April Random Round Up

The Drinks Business did a feature on A Drink of One’s Own, a book of cocktails inspired by great literary ladies. I like the sound of the Virginia Woolf and the Zelda Fitzgerald.

Here’s a terrifying article on Vanity Fair about Elon Musk’s billion dollar crusade to stop the AI apocalypse: ‘Many tech oligarchs see everything they are doing to help us, and all their benevolent manifestos, as streetlamps on the road to a future where, as Steve Wozniak says, humans are the family pets.’

As a result of that article I started following the brilliant Twitter parody account Bored Elon Musk, ‘thoughts and inventions from Elon in his downtime’: ‘News app that connects to a blood pressure monitor and adjusts your feed accordingly.’ and ‘Podcast app that connects to Google Maps and finds you a perfectly timed episode based on your commute.’ have been two of my recent favourites.

These floor plans of famous TV homes are kinda fascinating. If I could choose to live in any of them it would be Frasier’s, and not just because it’s one of my favourite shows.

I reviewed Big Little Lies on the blog yesterday and the always brilliant Anne Helen Petersen talks about Nicole Kidman and her performance in this article for Buzzfeed: ‘There’s a subtle implication that when a woman, especially a beautiful one, makes her way onscreen, it’s usually because of her looks or her body — not her talent. When a performance speaks truth to that lie, it’s a revelation.’

I adore stationery and collect notebooks, justifying it to myself because I need them for writing. I may also have to justify a couple of these sets of pencils from LZPENCILS on etsy. The sets are themed and each pencil has a different saying engraved on it. The Beyoncils are a great gift for any Beyonce fan but I want the Harry Potter and Heathers sets.

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Colossal hits our screens in May. It’s a science fiction comedy whereby Anne Hathaway manifests as a giant monster terrorising South Korea. It sounds bonkers, it looks bonkers, and I can’t wait!

That’s all from me for April. For those of you in Ireland have a great Bank Holiday weekend!

Big Little Lies

So how many of you were gripped by Big Little Lies which finished up on TV last Monday? Everyone that I spoke to adored it as did I, and the performances were the best thing about it. The show focussed on a group of women in Monterey, mothers whose children go to the same school. An incident between two children kicks off the plot and for the next seven episodes the series explores the lives of the women: their relationships, their conflict about stay-at-home mothering versus careers, and their interactions with each other.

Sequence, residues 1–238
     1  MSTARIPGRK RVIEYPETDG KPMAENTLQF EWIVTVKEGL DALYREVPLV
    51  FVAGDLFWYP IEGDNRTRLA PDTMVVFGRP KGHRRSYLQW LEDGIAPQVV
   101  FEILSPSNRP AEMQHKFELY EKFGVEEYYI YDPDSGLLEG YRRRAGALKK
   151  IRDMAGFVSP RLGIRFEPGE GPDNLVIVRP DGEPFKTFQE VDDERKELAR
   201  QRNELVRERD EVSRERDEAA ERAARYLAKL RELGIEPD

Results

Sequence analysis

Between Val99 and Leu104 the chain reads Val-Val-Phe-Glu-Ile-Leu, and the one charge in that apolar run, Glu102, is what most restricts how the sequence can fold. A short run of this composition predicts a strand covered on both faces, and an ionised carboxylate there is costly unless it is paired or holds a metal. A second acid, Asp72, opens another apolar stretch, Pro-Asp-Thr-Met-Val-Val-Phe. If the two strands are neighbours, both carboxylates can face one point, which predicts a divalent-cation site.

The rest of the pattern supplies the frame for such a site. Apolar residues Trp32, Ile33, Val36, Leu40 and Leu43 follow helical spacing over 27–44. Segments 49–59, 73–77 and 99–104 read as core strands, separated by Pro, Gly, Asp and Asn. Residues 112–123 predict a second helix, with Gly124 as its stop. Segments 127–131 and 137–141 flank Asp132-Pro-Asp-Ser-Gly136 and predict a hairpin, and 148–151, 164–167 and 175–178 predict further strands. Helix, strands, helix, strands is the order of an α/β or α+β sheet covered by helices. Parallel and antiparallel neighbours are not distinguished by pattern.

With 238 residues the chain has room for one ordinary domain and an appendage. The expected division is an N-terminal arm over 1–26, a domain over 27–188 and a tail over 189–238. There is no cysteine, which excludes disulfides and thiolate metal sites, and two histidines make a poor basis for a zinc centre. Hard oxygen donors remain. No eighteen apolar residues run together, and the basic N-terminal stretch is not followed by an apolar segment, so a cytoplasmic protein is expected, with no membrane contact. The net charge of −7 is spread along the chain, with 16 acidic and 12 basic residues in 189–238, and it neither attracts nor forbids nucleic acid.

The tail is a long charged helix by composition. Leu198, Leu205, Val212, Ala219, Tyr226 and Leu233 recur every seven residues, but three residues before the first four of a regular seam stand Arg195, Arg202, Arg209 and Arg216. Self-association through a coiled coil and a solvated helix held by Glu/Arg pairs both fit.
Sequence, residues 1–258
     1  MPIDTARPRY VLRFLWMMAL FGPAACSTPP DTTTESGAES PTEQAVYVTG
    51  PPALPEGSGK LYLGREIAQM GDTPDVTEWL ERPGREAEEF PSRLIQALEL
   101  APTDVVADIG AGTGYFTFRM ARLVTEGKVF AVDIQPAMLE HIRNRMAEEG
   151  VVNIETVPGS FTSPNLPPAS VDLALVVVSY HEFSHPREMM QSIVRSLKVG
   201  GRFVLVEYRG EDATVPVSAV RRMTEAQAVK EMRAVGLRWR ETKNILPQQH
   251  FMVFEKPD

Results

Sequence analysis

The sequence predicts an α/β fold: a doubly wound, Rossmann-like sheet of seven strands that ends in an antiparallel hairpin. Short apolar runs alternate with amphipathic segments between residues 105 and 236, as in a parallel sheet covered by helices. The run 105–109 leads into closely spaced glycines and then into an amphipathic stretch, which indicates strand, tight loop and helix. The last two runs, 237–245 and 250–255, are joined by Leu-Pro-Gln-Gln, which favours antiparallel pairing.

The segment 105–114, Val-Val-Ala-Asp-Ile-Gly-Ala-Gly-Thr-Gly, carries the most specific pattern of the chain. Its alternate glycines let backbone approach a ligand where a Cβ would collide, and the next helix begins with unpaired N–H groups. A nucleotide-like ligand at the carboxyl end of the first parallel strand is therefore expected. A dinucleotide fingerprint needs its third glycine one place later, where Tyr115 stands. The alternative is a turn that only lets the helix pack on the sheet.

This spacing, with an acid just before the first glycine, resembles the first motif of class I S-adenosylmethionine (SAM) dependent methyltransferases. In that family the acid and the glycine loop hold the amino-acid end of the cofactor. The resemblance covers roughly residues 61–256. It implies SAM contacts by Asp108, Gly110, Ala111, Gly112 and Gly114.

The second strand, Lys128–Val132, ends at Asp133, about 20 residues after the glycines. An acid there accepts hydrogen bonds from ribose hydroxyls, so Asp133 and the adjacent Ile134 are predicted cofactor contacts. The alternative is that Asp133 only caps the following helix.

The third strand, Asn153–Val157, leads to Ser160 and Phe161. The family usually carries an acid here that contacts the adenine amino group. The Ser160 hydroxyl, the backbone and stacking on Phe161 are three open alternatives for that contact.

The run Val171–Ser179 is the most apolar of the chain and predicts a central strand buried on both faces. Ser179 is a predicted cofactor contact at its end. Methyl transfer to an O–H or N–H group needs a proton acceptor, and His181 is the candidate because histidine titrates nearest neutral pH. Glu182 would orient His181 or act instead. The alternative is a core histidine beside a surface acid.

Many male critics dismissed Big Little Lies as high-end soap opera, a condescending view that entirely misses the point. Yes, the characters live in Pinterest-worthy opulent homes, yes, they are expensively dressed and yes, the show revolves around a murder mystery, but the show is, at its heart, a character study superbly acted by the female leads: Reese Witherspoon, Nicole Kidman, Laura Dern, Shailene Woodley and Zoë Kravitz.

Kidman’s portrayal of Celeste, a woman locked in an abusive relationship, is a career best and it’s already generating award buzz. Her marriage isn’t a simplistic black and white ‘she’s good and he’s evil’ cliche, instead we see the intense love and passion between them intertwined with the extreme and frequent violence. Alexander Skarsgård’s performance as Kidman’s husband is so compelling that women may cross the street to avoid him for the rest of his life.

Reese Witherspoon decided to start her own production company, Pacific Standard, and develop her own projects because of a phenomenon she calls ‘Smurfette Syndrome’: being the only woman on a film set full of men. Her company has produced Big Little Lies, Wild, and Gone Girl, hugely successful projects with strong complex female characters which have challenged the notion that the film-going public aren’t interested in women’s stories. She’s admirable, a trailblazer within the industry.

Big Little Lies was originally conceived as a miniseries but due to its runaway popularity there is a rumour that it may be extended for a second series. As much as I loved it, I hope not, as the story was perfectly wrapped up and should stand alone. I can’t wait to see what Reese does next.

March Random Round Up

March was Women’s History Month, a concept I find kind of reductive because women are a part of and make history twelve months a year but moving on from that…here’s a list of groundbreaking female authors you should bookmark for your next book shop visit.

Zadie Smith’s beautiful story about Billie Holiday in the New Yorker is seriously worth reading.

This month I watched Season 2 of Love on Netflix and had mixed feelings about it. Gillian Jacobs’ performance is one of the highlights. One of the not-so-great things about the series is this.

Royal Blood are releasing their second album later this year and they’re teasing us with this studio clip. Bring. It. On.

The upcoming documentary Kiki looks amazing, a new take drag ball culture which first reached mainstream popularity in Paris Is Burning.

Speaking of drag, Netflix has struck a deal whereby new episodes of Rupaul’s Drag Race are streamable the day after they’re broadcast in the US. Season 9 is two episodes in and Valentina’s my early favourite.

Get Out

Anyone who knows me knows that I am not a fan of horror films, so when I suggested to a friend of mine that we go see Get Out she was stunned. But the hype and rave reviews all mentioned that it was a lot more than just a simple horror movie so we went to see it on Tuesday, after I made her promise that if I got very very scared she would hold my hand.

Chris Washington (Daniel Kaluuya) has been going out with Rose Armitage (Alison Williams) for four months when she suggests a weekend visit to her parents’ house in the country. Chris agrees to go, but with some trepidation as Rose hasn’t told her white parents that he is black. Rose insists that her parents aren’t racist, that her father would have voted for Obama for a third term if he could, and Chris has no reason to worry.